According to a Spiegel report, the brown coal company Leag is to receive up to 1.75 billion euros in compensation for the coal phase-out without providing any appreciable consideration in return. The magazine relies on Leag's confidential business plans from 2016. The lignite-based electricity generation provided there therefore deviates only marginally from the quantities provided for by the Federal Minister of Economics, Peter Altmaier (CDU), for the planned coal phase-out law.
Nevertheless, the money should flow - for an alleged premature shutdown of lignite-fired power plants. According to Spiegel , however, there can be little talk of premature. Specifically, it is about the Leag power plants in Jänschwalde, Boxberg and Schwarze Pumpe.
A Leag spokesman dismissed the report: "The claims made by Spiegel are baseless." A spokeswoman for the Federal Ministry of Economics said: "We do not speculate about any business plans or scenarios for the group from 2016." The compensation payments were negotiated taking into account constitutional requirements, the exit plan still applies.
In its report, Der Spiegel relies on the so-called planning scenario S1A of the Leag of 2016, which is therefore available to the magazine. The Öko-Institut compared this scenario with the coal exit plan now negotiated between the federal government and the East German prime minister. The comparison is also available from ZEIT ONLINE. Its authors come to the conclusion that the shutdown of two blocks of the Jänschwalde power plant is planned at exactly the same time that Leag's S1A business scenario also assumed. In the case of other blocks, runtimes would be postponed rather than shortened: two other blocks of the Jänschwalde power plant should be disconnected earlier than planned in S1A, and two others later. It is similar in the case of the Boxberg power plant. The two blocks of the Schwarze Pumpe power plant are even expected to have a longer runtime than in the business scenario.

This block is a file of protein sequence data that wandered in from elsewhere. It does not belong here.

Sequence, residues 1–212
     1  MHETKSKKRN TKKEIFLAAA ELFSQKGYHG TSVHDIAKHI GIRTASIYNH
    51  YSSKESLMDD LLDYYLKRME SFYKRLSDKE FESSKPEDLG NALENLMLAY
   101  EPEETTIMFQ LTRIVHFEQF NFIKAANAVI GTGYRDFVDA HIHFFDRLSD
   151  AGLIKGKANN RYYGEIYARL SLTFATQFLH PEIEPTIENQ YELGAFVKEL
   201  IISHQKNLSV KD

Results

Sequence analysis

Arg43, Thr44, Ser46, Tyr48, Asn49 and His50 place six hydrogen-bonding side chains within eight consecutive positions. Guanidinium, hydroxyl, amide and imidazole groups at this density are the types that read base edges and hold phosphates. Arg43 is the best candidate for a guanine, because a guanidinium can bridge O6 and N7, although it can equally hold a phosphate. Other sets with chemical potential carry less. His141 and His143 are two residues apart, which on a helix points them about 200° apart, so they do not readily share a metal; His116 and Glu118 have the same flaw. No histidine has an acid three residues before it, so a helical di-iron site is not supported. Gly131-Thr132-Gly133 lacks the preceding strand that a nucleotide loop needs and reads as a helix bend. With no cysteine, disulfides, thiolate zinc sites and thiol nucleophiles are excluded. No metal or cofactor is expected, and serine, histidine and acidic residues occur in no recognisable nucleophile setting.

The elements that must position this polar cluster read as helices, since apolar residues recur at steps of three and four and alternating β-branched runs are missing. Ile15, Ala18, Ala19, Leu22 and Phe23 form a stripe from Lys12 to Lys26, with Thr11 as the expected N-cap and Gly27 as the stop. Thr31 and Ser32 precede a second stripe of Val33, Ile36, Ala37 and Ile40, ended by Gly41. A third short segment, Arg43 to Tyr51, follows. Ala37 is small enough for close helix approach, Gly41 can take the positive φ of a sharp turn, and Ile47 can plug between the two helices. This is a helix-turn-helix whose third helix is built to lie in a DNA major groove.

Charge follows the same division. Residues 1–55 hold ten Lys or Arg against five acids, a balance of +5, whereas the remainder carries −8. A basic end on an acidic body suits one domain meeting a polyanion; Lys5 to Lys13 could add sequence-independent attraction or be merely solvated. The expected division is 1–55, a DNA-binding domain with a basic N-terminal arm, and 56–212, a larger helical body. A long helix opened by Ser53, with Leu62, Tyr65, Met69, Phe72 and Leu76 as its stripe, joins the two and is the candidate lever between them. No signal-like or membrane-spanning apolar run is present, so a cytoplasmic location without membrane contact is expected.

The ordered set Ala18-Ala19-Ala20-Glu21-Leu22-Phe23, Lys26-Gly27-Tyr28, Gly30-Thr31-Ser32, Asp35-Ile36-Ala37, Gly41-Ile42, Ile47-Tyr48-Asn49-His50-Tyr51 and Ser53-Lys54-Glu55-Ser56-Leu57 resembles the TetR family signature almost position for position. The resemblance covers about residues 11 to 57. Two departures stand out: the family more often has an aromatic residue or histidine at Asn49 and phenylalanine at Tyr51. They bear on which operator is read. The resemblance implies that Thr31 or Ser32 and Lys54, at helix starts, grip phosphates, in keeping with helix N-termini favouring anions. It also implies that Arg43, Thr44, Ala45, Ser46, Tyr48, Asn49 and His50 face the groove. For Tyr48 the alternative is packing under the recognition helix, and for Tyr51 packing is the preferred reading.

In the case of brown coal, which is still intended for electricity generation, the Leag scenario envisages a quantity of 867 million tons. According to the government's decommissioning plan, the figure is 854 million tonnes, which is only slightly less. Accordingly, the Leag would be compensated with tax money for a coal phase-out, which it would have done anyway for economic reasons.
This is "not just a climate policy scandal, but taxpayer fraud," said Kai Niebert, President of the German Nature Protection Ring and former member of the coal commission, ZEIT ONLINE. Billions of euros would be given away without consideration in order to "gold-plate" "unprofitable brown coal power plants in Brandenburg and Saxony". Niebert demanded that the coal phase-out should begin "immediately" in East Germany as well. "The shutdowns inJänschwalde, Boxberg and Schwarze Pumpe have to be brought forward by years. Otherwise no cent will flow."
The Leag contested the Spiegel report with the note that plans are now being made on other bases. "The basis for planning for coal mining and power plant use is the Lusatian district concept, which was presented by Leag in 2017 and is known to the public," said the spokesman. It clearly shows other planning horizons. However, the Öko-Institut's paper states that the Leag district concept is "very largely" based on assumptions that also form the basis for an opinion for the Brandenburg State Office for Mining, Geology and Raw Materials - and this opinion in turn "obviously" makes reference to the Contents of planning scenario S1A.